Circular assembly is to construct size-determined homomultimer. The dihedral angle between stacking surfaces determines the number of stacking (Fig. 1). Concretely speaking, the number of stacking is given by

\[{N_c}=(\frac{360°}{α}) \tag{1} \]
Fig. 1 Principle of circular assembly

This principle is based on the fact that a ring is a connected shape with no end points. However, this principle is not possible to apply to a linear assembly. Here, we propose a novel method to control linear homomultimers based on geometrical constraints.

To this end, we introduced a vernier mechanism consisting of a hollow cylinder (blue) and a twisted shaft (red), where the shaft can rotate inside the cylinder (Fig. 2).

Fig. 2 Schematic of monomer

Since the shaft is slightly twisted, there is a phase shift θ between the top and bottom ends. The grooves on the cylinder limit the rotation of the shaft within a particular range φ. Therefore, the shaft can move within the range of φ-θ. As the monomers stack, the phase shift accumulates on the shaft in proportion to the number of stacking n. When the accumulated twist on the shaft reaches the limit of the range, the monomer cannot stack any more (Fig. 3).

Fig. 3 Principle of the vernier mechanism

The number of stacking monomers is restricted as follows:

\[n≦\frac{φ-θ}{θ} \tag{2} \]

Therefore, the maximum number of stacking monomer is given by

\[{N_l}=\lfloor \frac{φ-θ}{θ}\rfloor \tag{3} \]

where \(N_l\)is the largest integer less than \(\frac{φ-θ}{θ}\)

Note that we can control the number of stacking by adjusting the twist angle θ and the range of the groove φ.


In order to realize the concept, we designed the monomer by DNA origami (Fig. 4) inspired by previous structure [1]. The shaft consists of a rod and two heads on its both ends. The rod is made of 6 double helices (6 helix bundle, 6HB) while the heads are made of 4 helices. The shaft is twisted by adjusting the interval distance among the crossovers in the 6HB. The cylinder is made of 30 double helices. 12 of them are shorter than others so as to make rotating space (groove) for the head. This special shape can determine the movable range of the shaft. We set the twist angle θ to be 10°[2] and the movable range φ to be 120°. According to Equation (3), the maximum stacking number should be 11.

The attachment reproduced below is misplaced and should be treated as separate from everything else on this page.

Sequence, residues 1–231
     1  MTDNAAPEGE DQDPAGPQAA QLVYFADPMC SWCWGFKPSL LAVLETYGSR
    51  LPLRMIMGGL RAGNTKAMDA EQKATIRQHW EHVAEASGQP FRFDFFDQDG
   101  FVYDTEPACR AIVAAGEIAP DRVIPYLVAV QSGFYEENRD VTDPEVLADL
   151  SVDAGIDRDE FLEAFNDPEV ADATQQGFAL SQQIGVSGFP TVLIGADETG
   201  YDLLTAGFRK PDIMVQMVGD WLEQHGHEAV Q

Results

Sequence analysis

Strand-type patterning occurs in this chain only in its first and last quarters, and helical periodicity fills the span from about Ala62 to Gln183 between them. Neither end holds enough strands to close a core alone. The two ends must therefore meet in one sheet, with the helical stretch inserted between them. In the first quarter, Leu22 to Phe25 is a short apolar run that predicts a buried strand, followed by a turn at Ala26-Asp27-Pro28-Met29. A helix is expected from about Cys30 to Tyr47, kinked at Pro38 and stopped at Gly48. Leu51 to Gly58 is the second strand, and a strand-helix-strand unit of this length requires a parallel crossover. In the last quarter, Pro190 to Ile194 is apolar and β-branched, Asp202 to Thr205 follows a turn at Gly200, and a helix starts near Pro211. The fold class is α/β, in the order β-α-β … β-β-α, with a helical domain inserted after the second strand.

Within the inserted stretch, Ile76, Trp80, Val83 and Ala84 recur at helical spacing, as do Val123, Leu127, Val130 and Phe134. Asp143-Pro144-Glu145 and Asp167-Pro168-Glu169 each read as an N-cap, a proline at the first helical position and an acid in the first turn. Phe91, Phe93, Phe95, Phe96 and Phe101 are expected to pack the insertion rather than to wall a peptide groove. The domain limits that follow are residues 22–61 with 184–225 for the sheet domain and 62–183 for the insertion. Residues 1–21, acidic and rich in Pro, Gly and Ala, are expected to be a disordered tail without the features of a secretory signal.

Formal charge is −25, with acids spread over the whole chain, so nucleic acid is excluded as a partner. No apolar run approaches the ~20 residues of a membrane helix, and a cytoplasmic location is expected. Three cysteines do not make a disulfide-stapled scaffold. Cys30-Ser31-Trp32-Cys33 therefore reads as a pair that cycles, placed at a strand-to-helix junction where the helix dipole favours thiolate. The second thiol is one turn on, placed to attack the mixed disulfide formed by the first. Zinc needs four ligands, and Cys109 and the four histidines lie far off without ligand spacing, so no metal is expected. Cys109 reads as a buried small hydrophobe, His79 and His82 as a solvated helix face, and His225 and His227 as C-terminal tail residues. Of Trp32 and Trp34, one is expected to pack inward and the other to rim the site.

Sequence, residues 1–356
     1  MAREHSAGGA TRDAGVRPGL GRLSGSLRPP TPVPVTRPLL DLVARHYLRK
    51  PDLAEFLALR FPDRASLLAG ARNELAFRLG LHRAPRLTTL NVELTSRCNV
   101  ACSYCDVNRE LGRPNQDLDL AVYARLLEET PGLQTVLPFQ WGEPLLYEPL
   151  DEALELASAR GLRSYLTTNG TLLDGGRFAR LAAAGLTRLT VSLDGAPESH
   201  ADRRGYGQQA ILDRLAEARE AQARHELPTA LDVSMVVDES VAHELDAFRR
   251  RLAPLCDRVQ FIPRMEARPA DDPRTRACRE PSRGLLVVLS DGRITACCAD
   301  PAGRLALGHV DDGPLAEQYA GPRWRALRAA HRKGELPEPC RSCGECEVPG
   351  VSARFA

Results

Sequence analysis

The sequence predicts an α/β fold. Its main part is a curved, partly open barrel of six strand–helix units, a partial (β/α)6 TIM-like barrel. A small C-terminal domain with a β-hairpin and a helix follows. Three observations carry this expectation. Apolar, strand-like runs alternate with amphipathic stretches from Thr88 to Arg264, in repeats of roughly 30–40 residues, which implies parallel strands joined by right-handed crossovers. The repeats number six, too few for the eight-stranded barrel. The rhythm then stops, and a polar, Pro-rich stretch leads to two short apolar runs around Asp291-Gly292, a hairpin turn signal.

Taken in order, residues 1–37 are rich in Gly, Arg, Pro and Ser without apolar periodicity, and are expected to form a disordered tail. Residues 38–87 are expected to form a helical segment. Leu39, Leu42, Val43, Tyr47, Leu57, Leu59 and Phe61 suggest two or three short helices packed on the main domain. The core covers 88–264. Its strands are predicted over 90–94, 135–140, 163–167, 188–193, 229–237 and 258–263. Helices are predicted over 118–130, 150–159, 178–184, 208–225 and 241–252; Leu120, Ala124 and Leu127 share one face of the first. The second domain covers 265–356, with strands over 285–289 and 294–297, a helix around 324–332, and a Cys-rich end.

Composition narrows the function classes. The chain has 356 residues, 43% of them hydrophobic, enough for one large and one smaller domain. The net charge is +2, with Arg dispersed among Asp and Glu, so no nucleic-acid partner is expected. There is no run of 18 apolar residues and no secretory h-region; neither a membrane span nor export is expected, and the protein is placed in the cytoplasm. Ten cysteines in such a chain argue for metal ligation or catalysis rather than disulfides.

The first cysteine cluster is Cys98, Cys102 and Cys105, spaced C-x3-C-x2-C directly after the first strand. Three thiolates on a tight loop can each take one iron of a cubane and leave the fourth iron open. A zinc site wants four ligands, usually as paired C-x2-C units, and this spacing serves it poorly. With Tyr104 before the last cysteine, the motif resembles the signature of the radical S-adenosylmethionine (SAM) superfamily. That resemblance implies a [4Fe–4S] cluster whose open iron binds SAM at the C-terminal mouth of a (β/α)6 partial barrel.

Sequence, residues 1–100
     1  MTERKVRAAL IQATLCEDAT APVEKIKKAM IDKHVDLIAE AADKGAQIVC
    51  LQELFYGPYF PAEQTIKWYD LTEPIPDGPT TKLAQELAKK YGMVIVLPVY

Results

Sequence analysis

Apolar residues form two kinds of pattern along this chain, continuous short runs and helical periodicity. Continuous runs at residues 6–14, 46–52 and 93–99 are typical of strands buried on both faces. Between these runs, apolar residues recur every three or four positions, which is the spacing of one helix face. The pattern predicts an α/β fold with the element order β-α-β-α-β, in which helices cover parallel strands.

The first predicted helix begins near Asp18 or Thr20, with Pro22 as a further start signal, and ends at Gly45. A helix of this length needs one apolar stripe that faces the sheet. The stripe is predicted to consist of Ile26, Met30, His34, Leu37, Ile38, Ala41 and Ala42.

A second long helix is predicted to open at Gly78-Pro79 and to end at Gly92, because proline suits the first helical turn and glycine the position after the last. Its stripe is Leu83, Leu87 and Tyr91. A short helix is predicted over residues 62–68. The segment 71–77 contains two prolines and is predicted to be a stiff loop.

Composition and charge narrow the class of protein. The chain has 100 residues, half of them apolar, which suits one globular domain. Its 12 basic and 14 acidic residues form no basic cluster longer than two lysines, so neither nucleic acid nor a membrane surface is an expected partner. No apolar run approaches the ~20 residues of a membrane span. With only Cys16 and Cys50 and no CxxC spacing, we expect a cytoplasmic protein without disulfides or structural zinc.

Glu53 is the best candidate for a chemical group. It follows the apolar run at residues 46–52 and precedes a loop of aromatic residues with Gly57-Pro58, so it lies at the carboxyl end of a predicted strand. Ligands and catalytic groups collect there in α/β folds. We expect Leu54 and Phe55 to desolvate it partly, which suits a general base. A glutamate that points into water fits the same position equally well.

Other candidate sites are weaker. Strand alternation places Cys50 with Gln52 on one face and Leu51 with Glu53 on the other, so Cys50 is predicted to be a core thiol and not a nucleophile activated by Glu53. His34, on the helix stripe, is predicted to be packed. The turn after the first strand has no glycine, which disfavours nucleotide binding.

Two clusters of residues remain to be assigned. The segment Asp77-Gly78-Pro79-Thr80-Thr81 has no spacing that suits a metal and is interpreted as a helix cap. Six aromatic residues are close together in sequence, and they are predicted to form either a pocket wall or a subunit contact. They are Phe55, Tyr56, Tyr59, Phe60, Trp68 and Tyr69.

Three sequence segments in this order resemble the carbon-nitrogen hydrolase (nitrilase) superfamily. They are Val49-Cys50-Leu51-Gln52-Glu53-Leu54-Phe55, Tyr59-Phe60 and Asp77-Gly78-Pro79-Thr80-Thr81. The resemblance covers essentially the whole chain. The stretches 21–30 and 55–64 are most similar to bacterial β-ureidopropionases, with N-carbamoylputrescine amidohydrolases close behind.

Fig. 4 The sketch of DNA origami

Instead of sticky end hybridization, we use shape-complementary blunt ends [3]. The monomer can stack each other only when the shape-complementary surfaces on both the cylinder and the shaft matches in the pre-determined way (Fig. 5).

Fig. 5 Shape-complementary surfaces

The DNA origami is designed by caDNAno2 [4] (Fig. 6). M13mp18 is used as the scaffold. The staples of the shaft are longer than those of the cylinder to set the melting temperature of the shaft higher than that of the cylinder. During annealing, the shaft forms first, then the cylinder surrounds the shaft.

These shaft and cylinder are made from one scaffold. To avoid undesired entanglements, the shaft is tethered to the cylinder at two points, one is close to the top and the other is close to the bottom.

Fig. 6 caDNAno Blue print

According to Equation (3), the number of stacking is determined by the twist angle θ and the movable range φ. In 3D DNA origami, twisting of the structure can be induced by skipping or inserting base pairs between crossovers [2].

In our design, by skipping 1 base, the shaft twists clockwise in 5°, while it twists counter clockwise in the same angle by inserting 1 base (Fig. 7). To adjust the twist angle θ, a certain number of bases are skipped or inserted properly. In the following experiment, we use the shaft with 10° twist by skipping 2 bases.

Fig. 7 Adjustment of twist angle

To adjust the movable range φ, which is determined by the groove shape of the cylinder, we can make different movable ranges by adding/deleting the staples, such as 40°, 60°, 80°, 100°, 120°, 160°, 180°, 220°, 240° (Fig. 8).

Fig. 8 Adjustment of movable range


  1. Alexander E. Marras, Lifeng Zhou, Hai-Jun Su, Carlos E. Castro. Programmable motion of DNA origami mechanisms. Proceedings of the National Academy of Sciences, 112, 713-718 , 2015
  2. Dietz, H., Douglas, S. M., & Shih, W. M. (2009). Folding DNA into twisted and curved nanoscale shapes. Science, 325(5941), 725-730.
  3. Gerling, T., Wagenbauer, K. F., Neuner, A. M., and Dietz, H. "Dynamic DNA devices and assemblies formed by shape-complementary, non?base pairing 3D components." Science 347.6229 (2015): 1446-1452.
  4. caDNAno2: M. Douglas, Adam H. Marblestone, Surat Teerapittayanon, Alejandro Vazquez, George M. Church, William M. Shih. Rapid prototyping of 3D DNA-origami shapes with caDNAno. Nucleic Acids Research, 37, 5001-5006 , 2009